As the Treasury Departments bookkeeper, The Bureau of Public Debt monitors not only the national debt, but keeps tabs on the amount of securities bought and sold; along with Treasury bond rates paid to domestic and foreign investors. The Bureau also handles administrative functions pertaining to the sale and transfer of government securities, including tracing lost or stolen bonds and investigating claims of fraudulent or forged bonds and notes. Investors who have a tendency to shy away from risky ventures, favor low-risk, highly secure U.S. savings bonds and securities. Treasury interest rates are computed by adding a fixed rate, plus a six- or twelve-month inflation rate. Bond yields fluctuate on a daily basis depending on the highs and lows of the stock market; and savvy investors frequently re-sell them as quickly as they are bought to try to net higher but fluctuating yields. Investors hold onto long-term E bonds, EE bonds and I bonds for higher yields. The 30-year E savings bond pays interest every six months. T-notes with maturity dates of 2, 5, and 10 years also pay interest semi-annually, but minimum purchases start at $1,000. Short-term discounted T-bills can be redeemed in as little as a few days to six months.
Investors seeking to buy U.S. savings bonds, T-bills and notes at the highest Treasury bond rates can log onto the U.S. Treasury website. Thirty-year E bonds, short term T-bills, notes, and Treasury Inflation Protection Securities (TIPS) are all listed with detailed information on availability, face value, terms and current interest rates. Bidding electronically is as simple as clicking a mouse. The website includes directions for opening an individual account, directing transactions, and cashing in electronic savings bonds, which are redeemable at face value. Paper bonds are cashed in at half of the face value. Investors can also browse The Bureau of Public Debt's website for current products and interest rates. The Bureau website also offers 24/7 online access and guides account holders through the process of purchasing, maintaining, and redeeming government securities.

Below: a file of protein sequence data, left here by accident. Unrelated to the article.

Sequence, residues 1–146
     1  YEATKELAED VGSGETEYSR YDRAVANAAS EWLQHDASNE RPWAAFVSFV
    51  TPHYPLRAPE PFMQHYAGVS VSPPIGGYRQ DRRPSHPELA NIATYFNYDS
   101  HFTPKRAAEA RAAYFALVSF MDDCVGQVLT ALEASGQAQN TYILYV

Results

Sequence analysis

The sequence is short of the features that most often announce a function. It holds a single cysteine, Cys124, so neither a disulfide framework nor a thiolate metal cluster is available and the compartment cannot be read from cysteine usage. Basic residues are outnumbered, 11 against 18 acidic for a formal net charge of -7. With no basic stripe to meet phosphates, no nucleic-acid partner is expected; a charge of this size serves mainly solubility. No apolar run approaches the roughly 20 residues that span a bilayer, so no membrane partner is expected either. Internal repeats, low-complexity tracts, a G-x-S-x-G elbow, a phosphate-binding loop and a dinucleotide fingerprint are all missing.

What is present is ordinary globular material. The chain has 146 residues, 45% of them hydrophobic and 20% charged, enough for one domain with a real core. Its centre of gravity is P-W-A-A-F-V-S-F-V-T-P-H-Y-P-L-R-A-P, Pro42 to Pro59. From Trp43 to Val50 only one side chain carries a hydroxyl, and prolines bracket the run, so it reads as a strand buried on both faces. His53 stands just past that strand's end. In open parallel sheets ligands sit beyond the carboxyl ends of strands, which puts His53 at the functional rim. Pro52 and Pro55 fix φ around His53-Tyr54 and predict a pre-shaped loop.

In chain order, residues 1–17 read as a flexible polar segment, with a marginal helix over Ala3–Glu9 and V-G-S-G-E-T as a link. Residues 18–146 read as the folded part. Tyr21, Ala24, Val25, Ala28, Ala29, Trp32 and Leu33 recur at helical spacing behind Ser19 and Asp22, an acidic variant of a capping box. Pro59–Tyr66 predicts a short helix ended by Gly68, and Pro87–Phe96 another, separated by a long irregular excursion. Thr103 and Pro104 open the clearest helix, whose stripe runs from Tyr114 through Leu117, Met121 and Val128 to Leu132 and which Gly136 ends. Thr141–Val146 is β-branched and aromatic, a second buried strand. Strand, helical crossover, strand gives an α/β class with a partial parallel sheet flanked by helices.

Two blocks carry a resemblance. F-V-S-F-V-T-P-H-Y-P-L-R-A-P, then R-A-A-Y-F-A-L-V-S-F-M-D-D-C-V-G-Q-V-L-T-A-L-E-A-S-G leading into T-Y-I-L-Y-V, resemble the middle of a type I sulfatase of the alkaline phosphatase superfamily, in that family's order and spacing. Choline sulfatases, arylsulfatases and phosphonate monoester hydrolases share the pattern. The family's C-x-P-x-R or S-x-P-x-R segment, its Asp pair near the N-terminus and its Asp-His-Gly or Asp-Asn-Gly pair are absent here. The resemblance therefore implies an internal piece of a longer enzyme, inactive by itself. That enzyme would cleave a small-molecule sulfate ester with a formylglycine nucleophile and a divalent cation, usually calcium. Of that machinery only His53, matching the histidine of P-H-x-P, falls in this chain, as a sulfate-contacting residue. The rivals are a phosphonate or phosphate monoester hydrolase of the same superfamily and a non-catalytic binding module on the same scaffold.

Buying savings bonds and securities from Uncle Sam is a smart way to invest in low-risk, highly-liquid, interest-bearing products. The interest rates can be relatively conservative, but provide a good hedge against inflation and, as such, are great short- and long-term investment vehicles. The longer investors can hold onto interest-bearing government securities, the higher the Treasury interest rates and the greater the bond yields. While the U.S. government incurs a tremendous amount of national debt, it is incurred to help secure the freedoms most Americans take for granted. United States citizens, foreign nations, and other entities which benefit from the wealth of the nation, can share in the responsibility of eliminating its debt by purchasing U.S. Treasury securities. That's an instance where profitability and patriotism go hand in hand.